Dear Aunty Em: Name change
‘To change or not to change your last name when getting married in your mid-30s?’ – Name Check
Dear Name Check,
I heard a story on the weekend about a doctor of philosophy who changed his surname to ‘human’ because he wanted to break down the barriers between himself and others. He also happened to be a paranoid schizonphrenic who lived on the streets of Oxford, UK, and went shoeless in the snow.
In summary, dude was nuttier than Snickers bar.
Changing your name, especially in your mid-30s when you’ve established yourself professionally, can seem very crazy.
Will people still know who you are on LinkedIn? Are you going to have to do that whole ‘nee blah blah’ thing?
By changing your name, you are consciously making a statement about your marital status. The question is, do you want to make this statement? Some people will automatically assume that you are Mrs X, not Miss Y the second you say ‘I do’ so this is something you may need to address if you decide to keep your maiden name.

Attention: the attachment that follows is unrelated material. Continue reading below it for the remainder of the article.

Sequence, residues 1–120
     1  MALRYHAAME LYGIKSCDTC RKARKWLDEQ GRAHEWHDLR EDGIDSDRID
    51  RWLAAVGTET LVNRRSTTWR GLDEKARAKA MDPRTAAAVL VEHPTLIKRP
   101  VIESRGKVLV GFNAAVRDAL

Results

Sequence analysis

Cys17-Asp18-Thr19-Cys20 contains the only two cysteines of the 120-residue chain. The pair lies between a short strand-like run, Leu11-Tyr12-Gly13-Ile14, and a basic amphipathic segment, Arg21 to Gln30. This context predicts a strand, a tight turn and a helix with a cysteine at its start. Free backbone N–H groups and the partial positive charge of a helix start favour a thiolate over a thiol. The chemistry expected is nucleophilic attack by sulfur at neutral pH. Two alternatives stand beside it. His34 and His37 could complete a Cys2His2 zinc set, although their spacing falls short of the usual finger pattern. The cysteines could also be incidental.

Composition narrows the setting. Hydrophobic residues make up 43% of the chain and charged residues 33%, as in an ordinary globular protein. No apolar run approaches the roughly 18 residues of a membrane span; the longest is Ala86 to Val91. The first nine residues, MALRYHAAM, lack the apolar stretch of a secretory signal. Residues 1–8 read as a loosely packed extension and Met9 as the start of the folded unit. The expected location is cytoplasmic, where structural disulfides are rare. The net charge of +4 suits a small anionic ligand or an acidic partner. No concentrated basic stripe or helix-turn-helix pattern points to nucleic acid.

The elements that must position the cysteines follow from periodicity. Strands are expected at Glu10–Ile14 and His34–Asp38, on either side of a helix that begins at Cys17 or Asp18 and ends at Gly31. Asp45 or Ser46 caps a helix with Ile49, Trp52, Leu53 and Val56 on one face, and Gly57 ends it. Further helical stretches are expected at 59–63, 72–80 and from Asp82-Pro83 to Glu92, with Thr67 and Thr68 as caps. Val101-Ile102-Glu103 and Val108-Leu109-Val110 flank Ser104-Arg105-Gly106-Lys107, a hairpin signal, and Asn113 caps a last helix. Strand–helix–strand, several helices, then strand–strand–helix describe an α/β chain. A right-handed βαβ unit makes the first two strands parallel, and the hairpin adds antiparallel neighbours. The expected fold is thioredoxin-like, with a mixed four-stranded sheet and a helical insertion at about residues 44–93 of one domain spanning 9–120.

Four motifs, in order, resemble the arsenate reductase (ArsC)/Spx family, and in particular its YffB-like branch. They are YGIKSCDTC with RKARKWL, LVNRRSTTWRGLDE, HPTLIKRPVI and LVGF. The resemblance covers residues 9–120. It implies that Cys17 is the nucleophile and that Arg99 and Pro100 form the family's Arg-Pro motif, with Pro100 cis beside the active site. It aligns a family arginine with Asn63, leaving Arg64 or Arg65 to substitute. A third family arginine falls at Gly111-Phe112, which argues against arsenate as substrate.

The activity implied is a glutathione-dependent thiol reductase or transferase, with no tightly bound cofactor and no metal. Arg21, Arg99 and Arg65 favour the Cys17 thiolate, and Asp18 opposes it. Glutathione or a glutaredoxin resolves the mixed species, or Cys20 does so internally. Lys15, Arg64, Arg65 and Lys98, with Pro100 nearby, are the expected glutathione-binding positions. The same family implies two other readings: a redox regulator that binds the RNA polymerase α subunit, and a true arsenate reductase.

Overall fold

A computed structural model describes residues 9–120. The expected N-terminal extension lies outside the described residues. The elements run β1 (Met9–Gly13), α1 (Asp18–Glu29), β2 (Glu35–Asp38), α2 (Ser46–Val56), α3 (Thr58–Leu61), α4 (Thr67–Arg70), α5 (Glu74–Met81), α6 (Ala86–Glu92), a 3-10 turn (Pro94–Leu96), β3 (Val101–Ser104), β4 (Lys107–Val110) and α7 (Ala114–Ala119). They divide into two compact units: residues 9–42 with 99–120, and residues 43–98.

In contrast to this, many feminists fundamentally disagree with the concept based on historical and legal issues around marriage and property.
Finally, there is the question of children. If kids are part of the equation, some women change their names just to make life easier when it comes to filling out permission forms and the like (it’s easier for the people in the office if the birth parents have the same name as the kids).
The real question – the only one that matters – is how do you feel about your name? Do you love it the way it is or are you keen to try on something new for size? The process of changing your name is an administratively painful one so you can effectively ‘lay-by’ the new name for a while before you formally change your paperwork over. You don’t have to decide straight away.
My advice? Try it on for size, play around with it and make a call on it when you’re comfortable.
Alternatively, you could both change your names to emojis and confuse everyone, just like Prince did when he became *symbol*.